Penalties and Sanctions : Buying from an unapproved wholesaler - Onus of proof
It is for you to show, based on the evidence you gather, that a contravention is deliberate or deliberate and concealed or non-deliberate. It is for the person to show that they have a reasonable excuse.
Where you have identified an instance where goods have been bought from an unapproved wholesaler, you should tell the person who bought the goods that they may be liable to a penalty as soon as you become aware of the contravention, even if you have not yet established:
- whether the person has a reasonable excuse,
- the seriousness of the behaviour that gave rise to the penalty.
It is particularly important that you do not discuss whether you consider there to be a reasonable excuse or the seriousness of the behaviour until you have established all the facts.
Where the contravention is non-deliberate it is for the person to show that they have a reasonable excuse, if one exists.
Once you have established the facts you should consider whether
- the contravention was deliberate, or deliberate and concealed, or
- the person has not offered a reasonable excuse for a non-deliberate contravention, or
- a reasonable excuse was not remedied without unreasonable delay after it ceased to apply
Once you have established the type of contravention and associated behaviour, you must explain to the person involved why their actions and the supporting evidence has led you to this conclusion. You must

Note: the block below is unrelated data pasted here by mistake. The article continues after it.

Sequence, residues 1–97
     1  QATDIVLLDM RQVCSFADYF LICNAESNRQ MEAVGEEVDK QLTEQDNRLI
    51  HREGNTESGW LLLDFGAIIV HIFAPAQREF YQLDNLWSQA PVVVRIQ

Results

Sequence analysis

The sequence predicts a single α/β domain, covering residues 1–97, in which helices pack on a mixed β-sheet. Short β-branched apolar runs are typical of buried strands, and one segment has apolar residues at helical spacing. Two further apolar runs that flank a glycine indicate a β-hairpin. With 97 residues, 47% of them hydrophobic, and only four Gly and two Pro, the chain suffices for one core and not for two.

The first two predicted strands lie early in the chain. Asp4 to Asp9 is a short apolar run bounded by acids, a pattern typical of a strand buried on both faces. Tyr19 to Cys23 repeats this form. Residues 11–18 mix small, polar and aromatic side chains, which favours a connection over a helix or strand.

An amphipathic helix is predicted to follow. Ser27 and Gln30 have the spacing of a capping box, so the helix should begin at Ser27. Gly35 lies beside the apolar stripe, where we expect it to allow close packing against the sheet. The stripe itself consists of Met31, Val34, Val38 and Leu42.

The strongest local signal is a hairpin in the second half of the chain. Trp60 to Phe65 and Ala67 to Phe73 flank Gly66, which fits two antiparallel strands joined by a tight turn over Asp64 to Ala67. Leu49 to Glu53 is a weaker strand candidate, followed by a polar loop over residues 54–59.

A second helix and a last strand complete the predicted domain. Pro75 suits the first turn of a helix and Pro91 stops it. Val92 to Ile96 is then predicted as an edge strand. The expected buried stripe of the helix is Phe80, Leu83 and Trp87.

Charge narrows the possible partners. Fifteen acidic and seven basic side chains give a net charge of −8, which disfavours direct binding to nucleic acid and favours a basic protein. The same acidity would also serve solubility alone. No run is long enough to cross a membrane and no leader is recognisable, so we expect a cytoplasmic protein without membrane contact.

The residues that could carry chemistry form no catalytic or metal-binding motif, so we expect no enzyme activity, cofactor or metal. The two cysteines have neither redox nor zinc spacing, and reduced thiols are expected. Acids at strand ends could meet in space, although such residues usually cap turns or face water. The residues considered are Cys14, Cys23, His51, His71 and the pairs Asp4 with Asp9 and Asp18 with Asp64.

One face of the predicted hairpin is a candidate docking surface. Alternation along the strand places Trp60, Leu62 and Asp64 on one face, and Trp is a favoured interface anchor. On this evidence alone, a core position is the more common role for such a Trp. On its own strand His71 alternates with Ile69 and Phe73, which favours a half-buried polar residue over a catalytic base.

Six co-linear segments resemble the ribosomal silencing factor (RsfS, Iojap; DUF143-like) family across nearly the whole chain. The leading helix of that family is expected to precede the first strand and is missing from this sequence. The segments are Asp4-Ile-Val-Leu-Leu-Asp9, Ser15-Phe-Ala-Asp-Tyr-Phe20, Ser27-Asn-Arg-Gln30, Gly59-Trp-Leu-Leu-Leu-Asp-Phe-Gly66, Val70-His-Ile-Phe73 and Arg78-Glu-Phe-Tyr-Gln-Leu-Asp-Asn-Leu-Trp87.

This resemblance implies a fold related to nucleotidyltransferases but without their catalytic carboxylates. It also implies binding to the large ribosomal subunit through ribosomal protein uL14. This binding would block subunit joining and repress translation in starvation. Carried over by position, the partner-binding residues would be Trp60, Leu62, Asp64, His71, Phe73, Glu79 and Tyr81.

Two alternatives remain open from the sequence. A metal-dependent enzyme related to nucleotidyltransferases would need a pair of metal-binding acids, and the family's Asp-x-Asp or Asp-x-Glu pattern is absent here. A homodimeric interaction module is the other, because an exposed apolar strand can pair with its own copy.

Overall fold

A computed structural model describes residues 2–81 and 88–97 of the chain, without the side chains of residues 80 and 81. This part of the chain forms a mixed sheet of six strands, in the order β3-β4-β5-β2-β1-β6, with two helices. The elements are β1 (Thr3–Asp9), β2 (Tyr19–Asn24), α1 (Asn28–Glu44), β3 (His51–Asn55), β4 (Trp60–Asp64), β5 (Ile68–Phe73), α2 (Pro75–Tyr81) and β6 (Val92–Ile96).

- issue the Compliance Checks AWRS Penalties factsheet CCFS31
- allow the person time to read it and
- seek confirmation they understand it.
You should then invite the person’s comments. If this is dealt with at a meeting, the notes of the meeting should record fully what you have said and the person’s response. You should offer to send the person a copy of your final notes of the meeting. If during a telephone conversation you become aware that the penalties might be due, you should explain and then follow this up by putting your reasons in writing to the person.
You should have already considered whether a criminal sanction is appropriate and ruled out this option before you take the decision to charge a civil penalty.
Where a penalty is due it is important that you explain to the person what has gone wrong and how they can correct it in the future.
You should apply this guidance in conjunction with the Human Rights Act procedures in the Compliance Handbook at CH300000.